S. a.o 18
Khorasan
1970
B3
D
D
q
17
S. a.o 19
Khorasan
1970
B3
H
H
R
18
S. a.o 20
Khorasan
1970
F3
D
C
S
19
S. a.o 21
Chaharmahal-Bakhtiari
2000
A3
G
I
A
20
S. a.o 22
Chaharmahal-Bakhtiari
2000
A3
G
I
A
20
S. a.o 23
Chaharmahal-Bakhtiari
2000
A3
G
I
A
20
S. a.o 24
Chaharmahal-Bakhtiari
2000
A3
G
I
A
20
S. a.o 25
Chaharmahal-Bakhtiari
2000
A3
G
I
A
20
S. a.o 26
Chaharmahal-Bakhtiari
2000
A3
G
I
A
20
S. a.o 27
Chaharmahal-Bakhtiari
2000
D3
D
J
T
21
S. a.o 28
Chaharmahal-Bakhtiari
2000
A3
G
I
A
20
S. a.o 29
Chaharmahal-Bakhtiari
2000
A3
G
I
A
20
S. a.o 30
Chaharmahal-Bakhtiari
2000
A3
G
I
A
20
Sum = 20
Sum = 21
Sum = 11 Sum = 8 Sum = 10
a
Profiles
Letters show resistance profiles: A3, sensitive to all antibiotics; B3, T; C3, T, LP; D3, T, LP, FX; E3, T, LP, FX, AMP;
F3, T, FX, AMP; G3, T, TM; H3, LP, CHL; I3, T, LP, CHL, FX, AMP; J3, SXT, T, LP, TM, FX; and K3, SXT, T, LP,
TM, LEX, FX, AMP.
286
T. ZAHRAEI SALEHI, O. MADADGAR, H. TADJBAKHSH, M. R. MAHZOUNIEH, M. M. FEIZABADI
PFGE results
S. Typhimurium
Figure 1. RAPD fingerprints of some S. Abortusovis (S. ao)
isolates using primer P1254 (M: 100 bp marker, N:
negative control, 1-15: S. ao 1 through S. ao 15).
Antibiotic susceptibility test
With the application of 8 (S. Typhimurium), 10 (S.
Enteritidis), and 10 (S. Abortusovis) antibiotics, 30
isolates of the bacteria from each of the serovars could
be divided into 13, 6, and 11 patterns of resistance
type (R-type) in S. Typhimurium, S. Enteritidis, and
S. Abortusovis, respectively (Tables 1-3).
A total of 12 distinct patterns were generated
by PFGE with PulseNet protocol and XbaI enzyme
digestion among the 30 isolates of S. Typhimurium.
Some 10 to 12 bands were identified in different
pulsotypes and 7 bands were common: 40, 70, 90,
230, 260, 380, and 670 kb. It was also revealed that
80% of the isolates belonged to 5 pulsotypes (A,
B, C, D, and E), with the largest group of isolates
(47%) representing A and B. Results indicated that
7 and 4 isolates belonged to the A and D pulsotypes,
respectively, and were determined to be common
to other animals and poultry. A further 7 isolates
of the B pulsotype and 4 isolates of the C pulsotype
were identified as being specific to poultry and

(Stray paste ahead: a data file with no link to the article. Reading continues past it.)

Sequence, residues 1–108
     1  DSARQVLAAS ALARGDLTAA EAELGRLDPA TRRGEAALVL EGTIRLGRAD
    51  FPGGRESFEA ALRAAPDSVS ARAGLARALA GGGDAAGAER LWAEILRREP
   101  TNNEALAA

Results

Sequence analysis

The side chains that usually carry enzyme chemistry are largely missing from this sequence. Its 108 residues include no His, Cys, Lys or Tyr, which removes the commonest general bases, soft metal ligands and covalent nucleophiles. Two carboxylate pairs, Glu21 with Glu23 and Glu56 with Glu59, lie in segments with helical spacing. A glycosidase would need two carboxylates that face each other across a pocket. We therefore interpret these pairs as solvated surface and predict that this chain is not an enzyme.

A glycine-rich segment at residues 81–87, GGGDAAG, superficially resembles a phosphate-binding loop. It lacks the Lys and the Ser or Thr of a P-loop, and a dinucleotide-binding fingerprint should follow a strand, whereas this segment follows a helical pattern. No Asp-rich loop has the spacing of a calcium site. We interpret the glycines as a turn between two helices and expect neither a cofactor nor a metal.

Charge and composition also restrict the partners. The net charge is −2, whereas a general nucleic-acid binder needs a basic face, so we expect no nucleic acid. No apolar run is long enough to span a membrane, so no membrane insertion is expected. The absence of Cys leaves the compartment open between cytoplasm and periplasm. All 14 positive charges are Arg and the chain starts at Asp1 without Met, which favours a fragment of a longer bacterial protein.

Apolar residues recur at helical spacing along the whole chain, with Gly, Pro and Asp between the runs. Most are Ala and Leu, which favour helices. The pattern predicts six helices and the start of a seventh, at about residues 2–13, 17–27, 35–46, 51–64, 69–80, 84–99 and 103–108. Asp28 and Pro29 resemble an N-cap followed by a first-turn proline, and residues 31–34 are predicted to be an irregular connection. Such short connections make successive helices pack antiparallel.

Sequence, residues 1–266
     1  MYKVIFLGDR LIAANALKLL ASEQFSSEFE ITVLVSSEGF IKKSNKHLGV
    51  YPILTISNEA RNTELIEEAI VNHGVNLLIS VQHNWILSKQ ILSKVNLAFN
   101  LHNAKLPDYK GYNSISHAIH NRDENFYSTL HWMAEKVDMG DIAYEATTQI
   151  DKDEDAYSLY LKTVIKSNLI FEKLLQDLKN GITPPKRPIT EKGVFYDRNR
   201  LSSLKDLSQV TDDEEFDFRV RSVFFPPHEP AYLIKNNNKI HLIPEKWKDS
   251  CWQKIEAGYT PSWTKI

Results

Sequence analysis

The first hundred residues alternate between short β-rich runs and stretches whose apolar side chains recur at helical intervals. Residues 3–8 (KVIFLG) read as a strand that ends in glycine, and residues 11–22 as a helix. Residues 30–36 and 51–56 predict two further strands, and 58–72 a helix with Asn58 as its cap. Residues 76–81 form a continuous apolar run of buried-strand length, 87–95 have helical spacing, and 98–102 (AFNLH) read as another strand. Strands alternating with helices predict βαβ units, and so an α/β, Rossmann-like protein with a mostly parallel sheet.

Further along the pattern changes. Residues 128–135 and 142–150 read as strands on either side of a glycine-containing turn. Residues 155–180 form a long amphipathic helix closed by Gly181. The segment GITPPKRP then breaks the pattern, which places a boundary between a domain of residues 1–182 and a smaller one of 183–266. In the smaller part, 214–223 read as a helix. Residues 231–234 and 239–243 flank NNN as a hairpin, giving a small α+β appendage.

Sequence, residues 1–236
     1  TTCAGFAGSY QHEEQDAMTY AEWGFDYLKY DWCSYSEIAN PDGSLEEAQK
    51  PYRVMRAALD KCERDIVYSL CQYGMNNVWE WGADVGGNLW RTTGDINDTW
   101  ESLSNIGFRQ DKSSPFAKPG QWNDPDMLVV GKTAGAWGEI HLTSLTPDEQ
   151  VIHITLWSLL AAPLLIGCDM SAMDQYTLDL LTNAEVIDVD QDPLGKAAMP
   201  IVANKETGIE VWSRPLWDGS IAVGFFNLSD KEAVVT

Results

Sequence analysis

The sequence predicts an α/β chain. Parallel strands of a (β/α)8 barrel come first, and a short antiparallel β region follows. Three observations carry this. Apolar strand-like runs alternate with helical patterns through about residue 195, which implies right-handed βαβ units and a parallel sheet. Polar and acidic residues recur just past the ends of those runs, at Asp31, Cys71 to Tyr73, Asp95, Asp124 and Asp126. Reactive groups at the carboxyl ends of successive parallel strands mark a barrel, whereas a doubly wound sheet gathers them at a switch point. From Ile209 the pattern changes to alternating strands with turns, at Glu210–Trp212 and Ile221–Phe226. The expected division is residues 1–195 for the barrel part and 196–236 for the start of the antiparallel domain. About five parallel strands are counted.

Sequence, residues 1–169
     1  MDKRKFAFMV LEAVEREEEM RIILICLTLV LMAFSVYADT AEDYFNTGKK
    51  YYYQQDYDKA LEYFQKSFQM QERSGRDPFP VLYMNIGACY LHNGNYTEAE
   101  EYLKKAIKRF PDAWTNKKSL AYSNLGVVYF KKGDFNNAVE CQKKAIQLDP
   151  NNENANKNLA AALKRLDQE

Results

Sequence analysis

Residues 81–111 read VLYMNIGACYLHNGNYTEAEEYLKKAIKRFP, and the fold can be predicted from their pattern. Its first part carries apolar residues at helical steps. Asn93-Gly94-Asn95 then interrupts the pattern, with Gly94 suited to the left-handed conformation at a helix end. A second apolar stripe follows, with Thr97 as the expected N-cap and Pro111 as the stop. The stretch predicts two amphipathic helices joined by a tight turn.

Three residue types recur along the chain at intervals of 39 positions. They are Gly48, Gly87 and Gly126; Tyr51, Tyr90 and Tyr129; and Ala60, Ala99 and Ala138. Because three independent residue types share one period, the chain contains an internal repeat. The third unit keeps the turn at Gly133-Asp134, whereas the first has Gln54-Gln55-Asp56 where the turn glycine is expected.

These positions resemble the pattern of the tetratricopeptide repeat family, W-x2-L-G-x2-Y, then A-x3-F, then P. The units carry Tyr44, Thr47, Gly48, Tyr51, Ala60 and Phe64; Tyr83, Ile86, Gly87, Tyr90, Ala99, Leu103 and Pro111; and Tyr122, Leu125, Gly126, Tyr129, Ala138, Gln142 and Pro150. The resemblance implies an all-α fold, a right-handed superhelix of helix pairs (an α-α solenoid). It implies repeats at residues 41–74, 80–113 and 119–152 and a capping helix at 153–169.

other animals. Finally, 2 isolates of pulsotype E were
identified as specific to bovines (Table 1, Figures 2
and 3).
Figure 2 shows the results obtained by PFGE
for some S. Typhimurium isolates. General PFGE
profiles of each serovar can be seen in Figure 4.
It was seen that 2 isolates of S. Typhimurium
were susceptible to all of the antimicrobials tested,
compared to 20 isolates of S. Enteritidis and 13
isolates of S. Abortusovis.
In S. Typhimurium, 9 isolates were found to be
resistant to 1 antimicrobial, 9 isolates were resistant
to 2, 8 isolates were resistant to 3, 2 isolates were
resistant to 4, and only 1 isolate was resistant to 6
antimicrobials. Further results indicated that in S.
Enteritidis, 6 isolates were resistant to 1 antimicrobial,
3 isolates were resistant to 2, and only 1 isolate
was determined to be resistant to 6 antimicrobials.
Finally, in the tested samples of S. Abortusovis, 4
isolates were shown to be resistant to 1 antimicrobial,
3 isolates were resistant to 2, 2 isolates were resistant
to 3 antimicrobials, 1 isolate was resistant to 4, 6
isolates were resistant to 5, and only 1 isolate was
resistant to 7 antimicrobials.
Figure 2. PFGE with XbaI enzyme digestion of some S.
Typhimurium (S. ty) isolates (M: S. Braenderup H9812
marker, 1-20: S. ty 1 through S. ty 20).
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A molecular study of the Salmonella enterica serovars Abortusovis, Typhimurium, and Enteritidis
Figure 3. Patterns and phylogenetic tree of S. Typhimurium isolates. Numbers in the
center indicate patterns of S. ty 1 through S. ty 31; unit of measurement = Mb.
In addition, the strain of S. Typhimurium
identified as ATCC 14028 showed a unique pulsotype
in PFGE, the most prevalent RAPD type, and an
R-type similar to another isolate (related to ponies).
Overall, it presented a specific, combined pattern
(Table 1, Figure 3). For this reason, the comparison
of clinical isolates with the standard strain did not
provide any new information and was not repeated
in the other serovars.
S. Enteritidis
In this serovar, 15 distinct patterns were identified
among 30 isolates. Of the 7-13 bands of pulsotypes,
6 were common to all of the profiles: 110, 180, 250,
300, 330, and 670 kb. A majority of 64% of isolates
belonged to 4 pulsotypes (A, B, C, and D), with the
largest group (40% of the total) made up of pulsotype
A. This pulsotype was identified in 12 isolates and,
with the exception of a single isolate, was found to
be specific to poultry. Pulsotype B, with 3 isolates,
was specific for other animals, and the C and D
pulsotypes, each with 2 isolates, were shown to be
specific to poultry (Table 2, Figure 5).
288
S. Abortusovis
In S. Abortusovis, 20 distinct pulsotypes were
identified among the 30 isolates. Of the 8-15 bands of
pulsotypes, only 2 were common to all of the profiles:
70 and 100 kb. Except for 12 isolates (40% of total)
representing the A and B pulsotypes, other isolates
revealed nonidentical PFGE patterns in XbaI enzyme
digestion.
In addition, all 9 isolates of the A pulsotype were
isolated from different places and cities of 1 province
at same time (Chaharmahal and Bakhtiari Province)
(Table 3, Figure 6).
Correlation between pulsotypes and serotypes